The Final Remembrance
With Remembrance Sunday approaching, the Tower of London has chosen to stage another respectful, spectacular display commemorating the fallen of WWI. Its astonishing installation of handmade poppies, forming a sea of scarlet around the Bloody Tower was named ‘Blood Swept Lands and Seas of Red’, a public art installation created in the moatÂ between July and November 2014, commemorating the centenary of the outbreak of World War I. It consisted of 888,246 ceramic red poppies, each intended to represent one British or Colonial serviceman.
Now, four years later, we reach the conclusion of that commemoration. This year the Tower is lighting thousands of candles each night to do the same thing, and the effect is equally startling. This time the message is different, bringing closure to the conflict. A century of remembrance is coming to an end as the final participants have now gone.Â The last living veteran (28 July 1914 â€“ 11 November 1918) was Florence Green, who served in the Allied armed forces, and who died 4 February 2012, aged 110. There were approximately 9,750,103 military deaths during the conflict. The war will be remembered, of course, but more in terms of what it represents.
Understandably, our feelings about the First World War have changed dramatically in the last fifty years. The war, caused by complex factors including an all-but-accidental assassination in Sarajevo and the domino effect of European alliances that required each nation to defend its partner, is now considered to have been entirely avoidable had the parties involved only hammered out their differences in conference prior to the commencement of hostilities. For four years the fighting played out like a series of formal gavottes, propped up on the British side by the idea of attrition,Â a military strategy consisting of belligerent attempts to win by wearing down the enemy to the point of collapse through continuous losses in personnel and weapons.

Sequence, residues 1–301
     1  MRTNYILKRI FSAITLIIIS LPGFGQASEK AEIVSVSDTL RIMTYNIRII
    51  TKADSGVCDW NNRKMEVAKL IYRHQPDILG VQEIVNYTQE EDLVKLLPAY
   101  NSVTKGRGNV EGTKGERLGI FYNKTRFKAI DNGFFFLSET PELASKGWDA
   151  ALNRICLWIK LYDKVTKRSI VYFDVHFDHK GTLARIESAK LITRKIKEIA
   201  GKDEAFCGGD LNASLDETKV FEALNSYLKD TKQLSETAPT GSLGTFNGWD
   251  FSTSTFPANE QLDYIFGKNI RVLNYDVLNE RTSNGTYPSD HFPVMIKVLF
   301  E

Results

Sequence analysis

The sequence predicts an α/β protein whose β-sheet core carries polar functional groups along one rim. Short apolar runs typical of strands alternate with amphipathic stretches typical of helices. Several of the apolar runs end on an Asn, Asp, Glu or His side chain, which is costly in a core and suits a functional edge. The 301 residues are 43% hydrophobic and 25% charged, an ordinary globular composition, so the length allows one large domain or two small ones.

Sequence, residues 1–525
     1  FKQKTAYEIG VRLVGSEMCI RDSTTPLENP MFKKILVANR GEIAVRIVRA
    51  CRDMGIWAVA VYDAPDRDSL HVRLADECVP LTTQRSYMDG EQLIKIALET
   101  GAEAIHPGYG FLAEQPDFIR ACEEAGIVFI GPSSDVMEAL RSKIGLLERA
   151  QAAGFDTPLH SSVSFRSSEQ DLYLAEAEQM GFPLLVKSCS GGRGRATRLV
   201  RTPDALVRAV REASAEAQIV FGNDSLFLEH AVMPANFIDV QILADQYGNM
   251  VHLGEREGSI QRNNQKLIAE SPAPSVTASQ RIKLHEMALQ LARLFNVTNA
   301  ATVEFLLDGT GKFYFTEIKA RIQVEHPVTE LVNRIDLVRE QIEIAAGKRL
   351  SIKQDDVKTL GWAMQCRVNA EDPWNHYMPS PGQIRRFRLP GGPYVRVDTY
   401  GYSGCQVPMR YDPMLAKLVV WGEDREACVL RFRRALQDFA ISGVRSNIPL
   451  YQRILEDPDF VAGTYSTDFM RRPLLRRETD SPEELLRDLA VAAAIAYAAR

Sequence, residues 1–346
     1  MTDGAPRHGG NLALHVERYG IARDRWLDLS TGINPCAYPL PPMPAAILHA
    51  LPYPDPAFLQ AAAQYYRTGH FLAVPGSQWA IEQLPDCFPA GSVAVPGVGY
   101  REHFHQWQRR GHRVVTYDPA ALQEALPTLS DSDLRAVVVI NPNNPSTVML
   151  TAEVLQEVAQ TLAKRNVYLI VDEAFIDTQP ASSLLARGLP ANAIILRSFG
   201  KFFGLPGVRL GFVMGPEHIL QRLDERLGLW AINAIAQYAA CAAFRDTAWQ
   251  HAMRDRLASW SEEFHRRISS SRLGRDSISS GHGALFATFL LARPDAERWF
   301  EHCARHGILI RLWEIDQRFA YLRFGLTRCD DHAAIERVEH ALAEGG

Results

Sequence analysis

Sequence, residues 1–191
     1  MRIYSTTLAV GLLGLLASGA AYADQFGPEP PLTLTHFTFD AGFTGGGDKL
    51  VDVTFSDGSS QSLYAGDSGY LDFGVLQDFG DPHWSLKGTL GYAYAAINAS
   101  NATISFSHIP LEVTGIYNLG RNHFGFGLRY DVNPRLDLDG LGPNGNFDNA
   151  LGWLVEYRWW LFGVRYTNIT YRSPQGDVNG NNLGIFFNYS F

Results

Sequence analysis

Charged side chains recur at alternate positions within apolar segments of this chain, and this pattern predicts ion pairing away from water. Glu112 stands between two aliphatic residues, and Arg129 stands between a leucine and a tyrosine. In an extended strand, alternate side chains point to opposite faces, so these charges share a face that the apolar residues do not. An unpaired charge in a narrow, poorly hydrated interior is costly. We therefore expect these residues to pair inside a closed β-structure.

Although it started as a radio play in 1961, Joan Littlewood conceived a grand theatre project of restaging the war from officer classes to foot soldiers via the hindsight of history. The production became a landmark that altered the nation’s perception of the war, removing its supposed glories and revealing it to be a series of threadbare diplomatic disasters.
RichardÂ Attenborough rose to the challenge of directing the film version of Â â€˜Oh! What A Lovely War!â€™, unfolding it like a surreal tapestry filled with horrors and paradoxes. He was the least likely director to create such an immense, bitter Fellini-esque satire, but the cumulative effect is devastating, and the high point of his film career. A gallery of British stars featured; Olivier, Gielgud, Richardson, Maggie Smith and at least three Redgraves. The ending, shot without special effects, is rightly celebrated but the lead-up to it is equally memorable. After the shelling, a lone soldier seeking answers follows a literal red tape through the maze of the battle…